The Wrestler has been one of my most anticipated movies of the year, and tonight, I finally got a chance to sit down and watch it. To cut right to the chase, the film was nothing less than perfect - it lived up to the hype and then some. One of the early posters described Mickey Rourke's performance here as "iconic" - that is true. Ebert called it "one of the best movies of the year" - that is also true. As a fan of professional wrestling, I thought that the film was flawless from top to bottom. My girlfriend, a woman who absolutely despises the sport, shed a couple of tears and said that the movie was one of the best things that she'd seen in ages. Why this did not get a wide release is beyond me, as this is easily one of the finest films that I've seen all year.

Before getting down to business, let me point out one thing: yes, this film centers around a pro wrestler, and yes, the "sport" is featured prominently throughout the storyline. However, you do not have to be a fan of wrestling to enjoy this movie. If you do call yourself a fan, you'll recognize a couple of the wrestlers (watch for Necro Butcher in a small but excellent role) and you'll know which guys the writers took their inspiration for the story from, but this film is not at all unlike Million Dollar Baby in that you do not have to be a fan of the sport in question to enjoy the film itself. It's an added bonus, but it's far from a requirement.

The aforementioned pro wrestler is Randy 'The Ram' Robinson (Mickey Rourke), a man who has sold out stadiums across the country, won every heavyweight belt imaginable, and wrestled in front of thousands in attendance and millions watching at home on pay-per-view... back in the eighties. Obviously, the eighties are long gone, and The Ram now finds himself a washed-up has-been who makes ends meet during the week by working at the local grocery store while still wrestling in high school gymnasiums on the weekends in front of crowds of ten or twenty. No, time hasn't been too kind to our leading man; his body is falling apart, he can't keep up with the bills, there's no longer a "special somebody" in his life, and his daughter Stephanie (Evan Rachel Wood) wants nothing to do with him thanks to him choosing wrestling over her while she was growing up. The only thing that The Ram has going for him in his life is the adoration of a small yet loyal group of wrestling fans, but even that is fading as the years go by.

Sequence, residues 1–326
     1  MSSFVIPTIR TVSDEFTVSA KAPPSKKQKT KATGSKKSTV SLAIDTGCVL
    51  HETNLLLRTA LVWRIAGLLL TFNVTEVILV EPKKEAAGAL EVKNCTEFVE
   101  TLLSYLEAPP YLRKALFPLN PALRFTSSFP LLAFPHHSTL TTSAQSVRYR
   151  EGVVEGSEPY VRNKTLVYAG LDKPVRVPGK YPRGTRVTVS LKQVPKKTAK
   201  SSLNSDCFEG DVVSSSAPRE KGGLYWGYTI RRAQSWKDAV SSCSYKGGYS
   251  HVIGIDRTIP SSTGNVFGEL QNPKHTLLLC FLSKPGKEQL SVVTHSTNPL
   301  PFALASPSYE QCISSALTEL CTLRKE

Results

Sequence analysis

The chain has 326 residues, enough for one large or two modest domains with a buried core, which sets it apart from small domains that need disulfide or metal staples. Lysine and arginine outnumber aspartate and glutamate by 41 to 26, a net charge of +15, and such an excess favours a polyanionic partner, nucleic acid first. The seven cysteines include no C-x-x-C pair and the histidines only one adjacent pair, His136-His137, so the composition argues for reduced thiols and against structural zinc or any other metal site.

There's more to the storyline, but this is all that you need to know going into the film. There is a stripper who plays a potential love interest (Marisa Tomei) and there is a major event towards the middle of the film that changes everything, but all of this is material that viewers should see for themselves instead of reading about online.

First things first: Mickey Rourke. "Iconic" just doesn't do his performance justice, as he takes this character and runs with it, keeping those of us watching at home captivated the entire time. It certainly doesn't hurt that his own personal life is eerily similar to that of the character he's playing, but whatever the cause and reason, he turns in a performance that is nothing short of phenomenal. When he's in the ring, he legitimately looks like a guy who could kick some ass (his muscled-up body definitely helps in that regard). When he steps out of the ring, he alternates between a lighthearted guy who is quick to crack a joke and a guy whose face can be read like a book... a book dealing with depression, despair, and regret. In a perfect world, Rourke would take home every award dealing with "2008" and "acting", because it's truly been a long time since I've seen someone play a role as convincingly as he did here. Marisa Tomei and Evan Rachel Wood are both above average in their roles, but make no mistake about it: this is Rourke's movie and he simply makes everyone else look bad by comparison.